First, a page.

Monday, April 20, 2015

How Do Psychedelic Drugs Work On The Brain?

An interesting video by Robin Carhart-Harris explaining the effects of psilocybin on the brain.

One of the primary effects of psilocybin (and meditation) is to decrease the activity of the Default Mode Network (DMN), an area of the brain that usually receives about 40% more blood than other areas.  The DMN, something like the wandering mind, involves activities such as:
  • self-reflection
  • complex mental imagery
  • mental time travel
  • theory of mind (thinking about other's thoughts)
  • metacognition (thinking about thinking)
Plausibly, meditation should be designed so as to lean away from these types of things.

In addition to decreasing DMN activity, the integrity of DMN and other networks is decreased.  This may be related to feelings of being "fragmented" or a disintegration of self, and may explain distortions in time perception.

EEG amplitudes are decreased, particularly alpha, in part because of a decrease in overall coherence and synchrony.  There is more instability, more chaos or entropy.  Since the waves aren't aligned, they can't get reach the same amplitudes.

However at a network level, say between the DMN and TPN (task) networks that are usually more anti-correlated, these actually become more similar in activity.  The integration of the mind at this level might relate to feelings of oneness.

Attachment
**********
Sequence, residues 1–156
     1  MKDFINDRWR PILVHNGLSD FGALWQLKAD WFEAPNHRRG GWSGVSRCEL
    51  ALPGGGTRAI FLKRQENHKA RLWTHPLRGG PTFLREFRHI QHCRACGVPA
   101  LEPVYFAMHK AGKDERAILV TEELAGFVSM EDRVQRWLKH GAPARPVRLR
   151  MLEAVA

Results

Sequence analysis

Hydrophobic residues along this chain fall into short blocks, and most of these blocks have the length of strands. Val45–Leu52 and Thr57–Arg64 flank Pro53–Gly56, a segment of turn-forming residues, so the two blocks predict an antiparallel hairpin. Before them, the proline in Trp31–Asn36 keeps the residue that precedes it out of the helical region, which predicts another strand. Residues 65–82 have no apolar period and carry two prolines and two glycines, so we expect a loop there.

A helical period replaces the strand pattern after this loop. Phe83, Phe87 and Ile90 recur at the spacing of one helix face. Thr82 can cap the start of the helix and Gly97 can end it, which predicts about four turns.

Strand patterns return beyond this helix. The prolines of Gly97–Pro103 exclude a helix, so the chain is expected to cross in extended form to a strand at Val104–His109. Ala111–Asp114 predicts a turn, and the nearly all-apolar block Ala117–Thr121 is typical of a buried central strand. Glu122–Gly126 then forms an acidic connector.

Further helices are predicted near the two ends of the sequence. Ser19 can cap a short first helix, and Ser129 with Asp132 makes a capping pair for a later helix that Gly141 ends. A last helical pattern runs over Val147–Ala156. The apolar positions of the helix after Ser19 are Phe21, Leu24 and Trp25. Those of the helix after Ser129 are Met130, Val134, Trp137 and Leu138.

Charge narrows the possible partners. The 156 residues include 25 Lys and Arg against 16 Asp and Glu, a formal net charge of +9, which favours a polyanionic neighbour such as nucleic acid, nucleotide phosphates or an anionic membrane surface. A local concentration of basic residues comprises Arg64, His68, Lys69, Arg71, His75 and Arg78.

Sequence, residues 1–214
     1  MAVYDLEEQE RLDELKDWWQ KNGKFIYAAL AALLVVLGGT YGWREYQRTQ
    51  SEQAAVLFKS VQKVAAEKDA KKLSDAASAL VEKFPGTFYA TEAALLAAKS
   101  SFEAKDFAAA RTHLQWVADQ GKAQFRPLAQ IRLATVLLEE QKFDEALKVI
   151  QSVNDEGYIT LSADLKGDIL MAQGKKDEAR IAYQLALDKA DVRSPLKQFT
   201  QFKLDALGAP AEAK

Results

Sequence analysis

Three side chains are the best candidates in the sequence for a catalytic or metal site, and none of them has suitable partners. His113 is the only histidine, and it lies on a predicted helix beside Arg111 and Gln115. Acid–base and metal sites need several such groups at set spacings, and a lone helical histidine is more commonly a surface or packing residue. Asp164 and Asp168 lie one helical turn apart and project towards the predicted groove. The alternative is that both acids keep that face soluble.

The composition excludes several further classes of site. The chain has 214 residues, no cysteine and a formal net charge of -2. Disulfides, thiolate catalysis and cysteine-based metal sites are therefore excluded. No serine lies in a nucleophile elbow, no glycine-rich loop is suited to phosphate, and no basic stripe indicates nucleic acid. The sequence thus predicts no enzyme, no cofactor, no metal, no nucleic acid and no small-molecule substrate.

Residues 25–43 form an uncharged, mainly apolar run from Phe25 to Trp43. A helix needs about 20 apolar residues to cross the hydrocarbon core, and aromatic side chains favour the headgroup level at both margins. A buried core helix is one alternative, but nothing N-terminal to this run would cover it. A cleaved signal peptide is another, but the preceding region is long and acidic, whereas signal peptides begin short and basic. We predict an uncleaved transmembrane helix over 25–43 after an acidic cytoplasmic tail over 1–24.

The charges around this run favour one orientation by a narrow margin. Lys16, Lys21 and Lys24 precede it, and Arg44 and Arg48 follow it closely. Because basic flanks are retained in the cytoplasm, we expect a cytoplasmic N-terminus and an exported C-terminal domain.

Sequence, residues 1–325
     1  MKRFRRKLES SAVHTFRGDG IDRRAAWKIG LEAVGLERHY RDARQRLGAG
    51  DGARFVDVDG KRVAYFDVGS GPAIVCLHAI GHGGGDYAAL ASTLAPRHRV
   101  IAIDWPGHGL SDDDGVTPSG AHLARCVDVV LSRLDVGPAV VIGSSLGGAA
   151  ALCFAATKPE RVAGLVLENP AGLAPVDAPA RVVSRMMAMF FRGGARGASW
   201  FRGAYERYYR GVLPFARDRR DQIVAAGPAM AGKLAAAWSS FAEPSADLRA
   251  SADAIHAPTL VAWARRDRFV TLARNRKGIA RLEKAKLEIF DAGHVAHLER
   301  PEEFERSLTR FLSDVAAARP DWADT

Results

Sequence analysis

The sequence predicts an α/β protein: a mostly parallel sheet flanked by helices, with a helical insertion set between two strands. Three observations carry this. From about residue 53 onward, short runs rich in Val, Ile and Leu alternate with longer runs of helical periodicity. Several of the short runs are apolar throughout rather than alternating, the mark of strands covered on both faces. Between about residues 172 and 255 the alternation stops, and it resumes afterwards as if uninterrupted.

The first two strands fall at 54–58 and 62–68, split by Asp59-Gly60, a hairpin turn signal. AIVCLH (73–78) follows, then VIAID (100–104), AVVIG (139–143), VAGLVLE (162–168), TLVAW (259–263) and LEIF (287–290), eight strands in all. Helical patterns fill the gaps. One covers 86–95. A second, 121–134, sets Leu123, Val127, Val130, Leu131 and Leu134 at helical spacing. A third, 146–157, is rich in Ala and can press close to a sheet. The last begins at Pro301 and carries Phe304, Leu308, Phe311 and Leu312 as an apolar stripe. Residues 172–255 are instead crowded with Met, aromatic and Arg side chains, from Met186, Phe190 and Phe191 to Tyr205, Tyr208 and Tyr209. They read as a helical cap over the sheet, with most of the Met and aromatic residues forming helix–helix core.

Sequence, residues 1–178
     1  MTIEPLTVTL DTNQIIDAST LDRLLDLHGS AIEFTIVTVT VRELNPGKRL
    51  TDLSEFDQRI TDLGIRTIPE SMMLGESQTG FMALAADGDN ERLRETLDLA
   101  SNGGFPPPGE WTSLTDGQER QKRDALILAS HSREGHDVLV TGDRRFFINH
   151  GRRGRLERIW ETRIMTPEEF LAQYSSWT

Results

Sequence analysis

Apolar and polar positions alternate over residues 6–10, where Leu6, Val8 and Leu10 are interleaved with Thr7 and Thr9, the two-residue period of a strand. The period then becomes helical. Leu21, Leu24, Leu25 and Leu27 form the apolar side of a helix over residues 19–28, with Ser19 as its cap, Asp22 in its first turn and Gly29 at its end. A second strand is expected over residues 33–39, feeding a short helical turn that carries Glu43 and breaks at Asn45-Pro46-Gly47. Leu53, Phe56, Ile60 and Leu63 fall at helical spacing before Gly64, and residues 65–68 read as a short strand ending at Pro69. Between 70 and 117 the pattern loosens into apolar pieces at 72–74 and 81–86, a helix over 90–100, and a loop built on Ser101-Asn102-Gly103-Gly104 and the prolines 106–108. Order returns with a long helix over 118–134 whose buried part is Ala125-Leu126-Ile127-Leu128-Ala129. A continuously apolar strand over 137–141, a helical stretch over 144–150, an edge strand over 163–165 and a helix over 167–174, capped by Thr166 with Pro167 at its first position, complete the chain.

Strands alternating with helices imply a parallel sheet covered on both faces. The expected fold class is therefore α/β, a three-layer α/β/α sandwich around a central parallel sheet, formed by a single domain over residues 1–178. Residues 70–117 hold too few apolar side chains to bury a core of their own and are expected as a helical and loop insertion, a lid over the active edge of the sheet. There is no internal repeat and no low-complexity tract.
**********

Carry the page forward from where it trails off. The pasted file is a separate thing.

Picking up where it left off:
The decreases in the DMN are correlated with intensity of effects, ego disintegration, decrease in alpha power, as well as an increase in "magical thinking" and speculative ("impetuous") inference.

Wednesday, April 15, 2015

Pain and Anxiety reduction from Meditation

Article describes:

... an experiment that involved applying unpleasant electric stimuli to a group in a meditative state and to a control group with a similar healthy lifestyle, each group comprising 17 volunteers. All test subjects were in an fMRI scanner when the stimuli were applied.

The experiment produced surprising results, as it revealed that mindfulness practitioners were able to reduce pain perception by 22 percent and anticipatory anxiety by 29 percent during a mindful state.

Acid Test: LSD, Ecstacy, and the Power to Heal

Interview with Tom Shroder, author of Acid Test: LSD, Ecstacy, and the Power to Heal He explains the process of MDMA assisted psychotherapy along with the history of MDMA's rise from party drug to harbinger of hope.

Psychedelics in American Religious Experience

Psychedelics in American Religious Experience, some background relating the Pahnke Good Friday / March Chapel experiment and a survey about what percentage of the general population are having mystical experiences by way of psychedelics.